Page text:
Universal Credit ‘threatens the rights of people most at risk of poverty’ | Rent Income Excellence Network news

Universal Credit ‘threatens the rights of people most at risk of poverty’

A new Human Rights Watch report has released a stinging attack on Universal Credit, calling it a “poorly designed algorithm”.

In what is described as the Government’s “rigid insistence” over the welfare reform, the HRW say that a new system is needed to “restore people’s rights to a decent standard of living”.

The report says that Universal Credit is “causing people to go hungry, fall into debt, and experience psychological distress”.

HRW say the means-testing algorithm is “flawed” and ignores important factors such as how frequently people are paid, leading to sometimes people being docked vital benefits.

The organisation says that the government “has not acted” over proposed changes to make the system fairer, including shorter periods of income assessment or using averaged earnings over a longer period.

While the government evaluates proposals to fix the algorithm, it should implement urgently needed measures such as one-off grants to help people during their five-week wait, Human Rights Watch said.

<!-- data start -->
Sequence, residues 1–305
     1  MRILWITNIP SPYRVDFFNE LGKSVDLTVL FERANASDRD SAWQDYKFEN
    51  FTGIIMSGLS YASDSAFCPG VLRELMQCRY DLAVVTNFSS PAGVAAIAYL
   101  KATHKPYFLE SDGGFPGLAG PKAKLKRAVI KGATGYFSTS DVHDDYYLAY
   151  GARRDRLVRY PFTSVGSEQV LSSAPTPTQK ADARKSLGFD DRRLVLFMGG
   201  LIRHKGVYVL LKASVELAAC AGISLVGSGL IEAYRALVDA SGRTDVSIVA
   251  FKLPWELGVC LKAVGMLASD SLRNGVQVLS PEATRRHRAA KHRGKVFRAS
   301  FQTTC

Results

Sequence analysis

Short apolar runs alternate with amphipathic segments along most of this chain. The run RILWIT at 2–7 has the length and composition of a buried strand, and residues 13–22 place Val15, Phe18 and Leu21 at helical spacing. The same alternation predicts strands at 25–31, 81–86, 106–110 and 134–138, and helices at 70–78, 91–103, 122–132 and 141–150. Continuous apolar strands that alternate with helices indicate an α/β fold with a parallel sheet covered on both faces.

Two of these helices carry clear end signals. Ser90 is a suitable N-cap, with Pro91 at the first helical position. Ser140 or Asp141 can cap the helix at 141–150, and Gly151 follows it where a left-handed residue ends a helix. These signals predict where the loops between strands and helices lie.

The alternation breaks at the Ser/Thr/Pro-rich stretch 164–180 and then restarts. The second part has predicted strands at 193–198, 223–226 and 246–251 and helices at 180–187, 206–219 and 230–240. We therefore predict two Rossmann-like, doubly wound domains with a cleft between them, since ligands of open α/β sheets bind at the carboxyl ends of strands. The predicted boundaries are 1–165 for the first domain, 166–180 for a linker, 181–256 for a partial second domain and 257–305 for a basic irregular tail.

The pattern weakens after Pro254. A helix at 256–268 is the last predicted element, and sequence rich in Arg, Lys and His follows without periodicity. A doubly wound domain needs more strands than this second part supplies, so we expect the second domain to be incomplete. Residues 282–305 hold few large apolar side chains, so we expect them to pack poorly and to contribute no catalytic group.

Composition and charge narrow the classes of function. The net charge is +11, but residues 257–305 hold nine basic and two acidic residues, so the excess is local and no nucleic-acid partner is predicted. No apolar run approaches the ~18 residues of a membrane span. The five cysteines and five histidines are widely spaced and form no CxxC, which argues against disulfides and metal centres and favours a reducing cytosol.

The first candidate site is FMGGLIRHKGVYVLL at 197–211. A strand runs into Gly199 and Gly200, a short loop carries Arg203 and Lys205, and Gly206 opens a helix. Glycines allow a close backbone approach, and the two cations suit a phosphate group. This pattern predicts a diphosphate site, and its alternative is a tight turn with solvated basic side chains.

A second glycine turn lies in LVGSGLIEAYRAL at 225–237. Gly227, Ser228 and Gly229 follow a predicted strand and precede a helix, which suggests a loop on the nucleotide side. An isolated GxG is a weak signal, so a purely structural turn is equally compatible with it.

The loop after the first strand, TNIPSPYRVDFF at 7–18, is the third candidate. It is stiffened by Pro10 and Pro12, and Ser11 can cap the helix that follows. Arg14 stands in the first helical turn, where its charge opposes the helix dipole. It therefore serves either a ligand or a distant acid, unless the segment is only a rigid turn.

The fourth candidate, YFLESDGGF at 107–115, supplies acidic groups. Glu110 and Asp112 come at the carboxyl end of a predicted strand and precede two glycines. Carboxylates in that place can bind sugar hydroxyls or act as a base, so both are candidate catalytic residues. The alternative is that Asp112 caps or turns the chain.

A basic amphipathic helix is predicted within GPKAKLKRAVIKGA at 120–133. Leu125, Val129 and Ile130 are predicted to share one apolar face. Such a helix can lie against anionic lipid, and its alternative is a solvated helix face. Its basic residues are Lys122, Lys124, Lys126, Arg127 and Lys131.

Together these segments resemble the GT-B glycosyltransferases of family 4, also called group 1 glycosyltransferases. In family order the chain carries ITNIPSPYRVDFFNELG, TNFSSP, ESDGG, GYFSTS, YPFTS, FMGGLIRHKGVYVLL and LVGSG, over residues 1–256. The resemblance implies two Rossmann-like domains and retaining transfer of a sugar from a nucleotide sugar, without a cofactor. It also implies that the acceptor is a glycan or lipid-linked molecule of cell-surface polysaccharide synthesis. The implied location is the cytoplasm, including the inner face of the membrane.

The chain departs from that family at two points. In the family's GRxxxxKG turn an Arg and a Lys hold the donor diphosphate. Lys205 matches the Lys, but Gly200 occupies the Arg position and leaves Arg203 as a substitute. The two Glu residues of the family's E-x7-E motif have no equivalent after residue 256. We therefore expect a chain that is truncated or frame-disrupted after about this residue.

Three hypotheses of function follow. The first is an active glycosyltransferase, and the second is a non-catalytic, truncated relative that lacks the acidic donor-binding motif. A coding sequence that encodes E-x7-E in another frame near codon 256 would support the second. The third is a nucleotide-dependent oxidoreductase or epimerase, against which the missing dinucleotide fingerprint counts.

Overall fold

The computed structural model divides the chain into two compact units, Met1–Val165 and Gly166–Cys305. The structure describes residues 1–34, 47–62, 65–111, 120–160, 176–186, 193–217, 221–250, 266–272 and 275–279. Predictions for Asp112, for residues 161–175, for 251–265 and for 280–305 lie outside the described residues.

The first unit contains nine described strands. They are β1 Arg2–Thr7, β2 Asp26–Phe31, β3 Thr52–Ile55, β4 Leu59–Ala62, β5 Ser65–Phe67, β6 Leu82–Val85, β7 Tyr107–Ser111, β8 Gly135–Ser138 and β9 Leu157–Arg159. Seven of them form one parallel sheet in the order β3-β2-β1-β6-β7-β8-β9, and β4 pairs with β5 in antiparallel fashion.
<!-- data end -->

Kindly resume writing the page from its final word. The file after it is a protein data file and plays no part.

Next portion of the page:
The report also criticises the five week wait, saying that claimants are forced into “skimping on their basic needs”, when before they would get a payment within two weeks.

Despite some good progress on digital claiming, HRW say the predominantly digital strategic causes “hardship” amongst those who lack the skills and cannot afford reliable internet.

Amos Toh, senior artificial intelligence and human rights researcher at Human Rights Watch, said: “The government has put a flawed algorithm in charge of deciding how much money to give people to pay rent and feed their families.

“The government’s bid to automate the benefits system – no matter the human cost – is pushing people to the brink of poverty.”

Toh added: “Making sure the benefits system protects people’s rights is ultimately a job for humans, not an algorithm.

“Benefits are designed to help people, not kick them when they’re down. A human-centered approach to benefits automation will ensure the UK government is helping the people who need it most.”